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Kenai Peninsula

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The Kenai Peninsula is where land meets sea and it embodies how many people visualise Alaska: a mountainous wilderness surrounded by fertile waters where Humpback Whales and Sea Otters abound, and glaciers calve into the ocean. Here you may also see Black Bears, Steller Sea Lions, Seals, Porpoises, Tufted & Horned Puffins, Murres, Murrelets, Cormorants, Kittiwakes, Petrels, and a wide variety of other wildlife, both marine and terrestrial.

Mountains, glaciers, and the ocean define the Kenai Peninsula. The Kenai Mountain Range is its spine, and cradles the icefields that spawn the region's numerous glaciers. The peninsula is bordered to the west by the protected waters of Cook Inlet, and to the east by the Gulf of Alaska. The northeast of the peninsula is the gateway to the pristine waters of Prince William Sound that were once blighted by the Exxon Valdez oil spill, and the southeast to world famous Kenai Fjords National Park.

Much of the activities on the Kenai Peninsula revolve around boats, whether it be a whale watching excursion to view the majestic Humpback Whales that migrate here each summer to feed on the abundant krill and schooling baitfish, a glacier tour in Prince William Sound or Kenai Fjords National Park, or a wildlife cruise to observe Sea Otters or the region's numerous seabird colonies. More often than not a boat excursion encompasses all three. It is understandably also an outstanding sea kayaking destination and a kayak is a wonderful platform from which to observe Sea Otters and many of the pelagic seabirds that flock to the area.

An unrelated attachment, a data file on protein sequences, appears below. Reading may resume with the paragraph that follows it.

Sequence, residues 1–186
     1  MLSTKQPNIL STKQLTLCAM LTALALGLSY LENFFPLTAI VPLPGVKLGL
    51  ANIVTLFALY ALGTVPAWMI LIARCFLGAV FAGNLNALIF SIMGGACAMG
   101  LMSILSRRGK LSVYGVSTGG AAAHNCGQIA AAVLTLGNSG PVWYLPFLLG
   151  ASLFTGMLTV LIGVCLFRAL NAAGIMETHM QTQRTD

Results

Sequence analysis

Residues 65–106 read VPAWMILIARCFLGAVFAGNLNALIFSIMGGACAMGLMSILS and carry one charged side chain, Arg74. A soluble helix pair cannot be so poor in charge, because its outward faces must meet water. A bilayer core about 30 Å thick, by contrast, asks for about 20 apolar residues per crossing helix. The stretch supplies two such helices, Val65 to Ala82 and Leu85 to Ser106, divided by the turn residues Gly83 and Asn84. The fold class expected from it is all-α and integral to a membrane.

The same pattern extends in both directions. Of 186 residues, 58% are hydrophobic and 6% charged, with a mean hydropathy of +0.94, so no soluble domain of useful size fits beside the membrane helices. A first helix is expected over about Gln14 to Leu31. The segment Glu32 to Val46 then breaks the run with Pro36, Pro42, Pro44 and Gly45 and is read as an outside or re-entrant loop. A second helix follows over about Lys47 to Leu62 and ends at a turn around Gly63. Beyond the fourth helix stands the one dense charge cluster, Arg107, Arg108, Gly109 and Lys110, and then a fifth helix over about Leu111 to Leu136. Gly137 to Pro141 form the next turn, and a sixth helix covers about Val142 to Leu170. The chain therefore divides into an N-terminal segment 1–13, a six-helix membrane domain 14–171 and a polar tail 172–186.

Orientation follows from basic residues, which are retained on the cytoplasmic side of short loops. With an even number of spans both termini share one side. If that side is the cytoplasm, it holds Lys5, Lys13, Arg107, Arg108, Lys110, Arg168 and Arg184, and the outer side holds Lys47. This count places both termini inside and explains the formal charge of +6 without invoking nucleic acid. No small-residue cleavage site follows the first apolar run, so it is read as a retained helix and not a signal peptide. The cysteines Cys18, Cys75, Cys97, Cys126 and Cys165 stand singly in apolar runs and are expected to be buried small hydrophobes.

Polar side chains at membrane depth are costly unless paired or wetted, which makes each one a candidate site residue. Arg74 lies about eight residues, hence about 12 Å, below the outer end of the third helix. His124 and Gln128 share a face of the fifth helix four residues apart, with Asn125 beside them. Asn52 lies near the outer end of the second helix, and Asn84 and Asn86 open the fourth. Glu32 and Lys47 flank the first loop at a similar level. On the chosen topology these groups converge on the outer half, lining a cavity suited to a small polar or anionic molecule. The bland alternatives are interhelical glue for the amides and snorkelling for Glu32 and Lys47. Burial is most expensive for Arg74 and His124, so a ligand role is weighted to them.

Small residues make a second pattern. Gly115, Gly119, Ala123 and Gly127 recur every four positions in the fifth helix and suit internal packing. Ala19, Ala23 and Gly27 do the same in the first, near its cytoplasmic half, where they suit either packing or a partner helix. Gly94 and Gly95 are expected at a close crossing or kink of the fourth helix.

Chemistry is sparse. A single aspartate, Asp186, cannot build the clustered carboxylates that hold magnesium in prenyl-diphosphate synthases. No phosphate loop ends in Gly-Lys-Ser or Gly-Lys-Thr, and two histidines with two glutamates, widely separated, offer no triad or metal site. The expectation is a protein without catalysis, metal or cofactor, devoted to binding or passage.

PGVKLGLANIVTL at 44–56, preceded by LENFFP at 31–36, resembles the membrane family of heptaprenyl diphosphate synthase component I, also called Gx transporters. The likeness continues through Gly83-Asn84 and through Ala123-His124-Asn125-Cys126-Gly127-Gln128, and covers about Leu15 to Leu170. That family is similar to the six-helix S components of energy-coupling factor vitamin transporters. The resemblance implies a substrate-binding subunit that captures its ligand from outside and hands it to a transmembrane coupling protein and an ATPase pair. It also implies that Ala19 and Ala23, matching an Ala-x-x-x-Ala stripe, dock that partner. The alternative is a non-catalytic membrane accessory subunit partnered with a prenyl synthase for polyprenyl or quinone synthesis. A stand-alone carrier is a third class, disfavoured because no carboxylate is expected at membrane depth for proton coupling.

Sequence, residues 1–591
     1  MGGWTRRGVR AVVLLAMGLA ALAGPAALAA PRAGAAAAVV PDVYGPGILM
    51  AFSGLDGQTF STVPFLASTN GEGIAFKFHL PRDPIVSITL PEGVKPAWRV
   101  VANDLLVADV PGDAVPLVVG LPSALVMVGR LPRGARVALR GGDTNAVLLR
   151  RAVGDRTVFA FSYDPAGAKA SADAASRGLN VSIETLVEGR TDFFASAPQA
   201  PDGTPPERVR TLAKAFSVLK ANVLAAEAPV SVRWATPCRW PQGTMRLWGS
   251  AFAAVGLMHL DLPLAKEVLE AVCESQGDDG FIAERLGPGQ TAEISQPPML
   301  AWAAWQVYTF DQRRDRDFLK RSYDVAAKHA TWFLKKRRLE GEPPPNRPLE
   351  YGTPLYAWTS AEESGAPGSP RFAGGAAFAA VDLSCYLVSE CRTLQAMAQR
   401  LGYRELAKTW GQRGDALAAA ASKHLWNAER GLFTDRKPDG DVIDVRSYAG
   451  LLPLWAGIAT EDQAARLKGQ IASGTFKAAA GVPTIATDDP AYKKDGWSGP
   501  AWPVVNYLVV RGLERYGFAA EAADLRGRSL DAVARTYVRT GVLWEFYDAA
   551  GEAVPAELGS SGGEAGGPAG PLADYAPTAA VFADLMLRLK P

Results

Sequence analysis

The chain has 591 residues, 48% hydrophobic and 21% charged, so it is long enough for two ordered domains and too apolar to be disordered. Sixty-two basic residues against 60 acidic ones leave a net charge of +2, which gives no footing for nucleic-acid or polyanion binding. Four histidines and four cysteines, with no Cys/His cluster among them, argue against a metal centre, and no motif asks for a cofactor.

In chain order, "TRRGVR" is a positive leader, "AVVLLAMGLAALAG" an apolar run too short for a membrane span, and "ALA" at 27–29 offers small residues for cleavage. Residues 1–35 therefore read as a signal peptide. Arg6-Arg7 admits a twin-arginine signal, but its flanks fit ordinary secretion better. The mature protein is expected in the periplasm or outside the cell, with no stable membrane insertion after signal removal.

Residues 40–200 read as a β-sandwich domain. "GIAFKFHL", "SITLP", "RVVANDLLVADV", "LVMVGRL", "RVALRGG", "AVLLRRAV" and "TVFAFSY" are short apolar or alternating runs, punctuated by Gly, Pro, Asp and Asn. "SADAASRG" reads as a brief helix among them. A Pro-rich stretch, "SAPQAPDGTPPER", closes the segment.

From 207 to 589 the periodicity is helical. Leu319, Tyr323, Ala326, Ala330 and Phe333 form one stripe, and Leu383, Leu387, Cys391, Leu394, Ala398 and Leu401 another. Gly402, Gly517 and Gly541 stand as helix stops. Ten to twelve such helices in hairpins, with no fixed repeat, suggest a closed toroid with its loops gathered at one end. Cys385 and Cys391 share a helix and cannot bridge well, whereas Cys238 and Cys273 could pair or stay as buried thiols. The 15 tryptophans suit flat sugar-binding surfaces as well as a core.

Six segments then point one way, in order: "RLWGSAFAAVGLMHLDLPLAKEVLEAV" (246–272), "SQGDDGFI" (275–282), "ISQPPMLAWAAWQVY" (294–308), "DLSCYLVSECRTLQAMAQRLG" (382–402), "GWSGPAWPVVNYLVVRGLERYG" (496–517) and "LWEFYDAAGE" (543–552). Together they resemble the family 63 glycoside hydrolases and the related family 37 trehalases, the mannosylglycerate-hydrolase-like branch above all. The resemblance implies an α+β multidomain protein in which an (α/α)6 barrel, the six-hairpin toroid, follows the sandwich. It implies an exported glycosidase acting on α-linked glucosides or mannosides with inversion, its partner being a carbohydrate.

The interior of the peninsula also has many attractions for wildlife and landscape enthusiasts. Much of the inland area forms part of the Chugach National Forest which is home to the Black Bear, Lynx, Moose, and Porcupine, to name but a few, and the famed Kenai River boasts a huge run of red Sockeye salmon which attracts Brown Bears, River Otters, Bald Eagles, Ospreys, and a steady influx of fly fishermen prepared to fish side by side with the bears.

The eclectic coastal community of Homer near the southern tip of the peninsula is also one of the gateways to world famous Brooks River Falls and many other outstanding bear viewing locations in Katmai National Park and McNeill River State Game Sanctuary on the other side of Cook Inlet. Homer is a thriving and vibrant community of commercial fishermen, descendants of original Alaskan homesteaders, artists, writers, and alternative lifestyle seekers. Much of the town is perched on a steep escarpment overlooking the bountiful water of Kachemak Bay and the mountains and glaciers of Kachemak Bay State Park.

We offer comprehensive self-drive tours of the Kenai Peninsula incorporating glacier, wildlife, and whale watching cruises in Prince William Sound, Kenai Fjords National Park, and Kachemak Bay, and single or multi-day bear viewing excursions to Katmai National Park from Homer.

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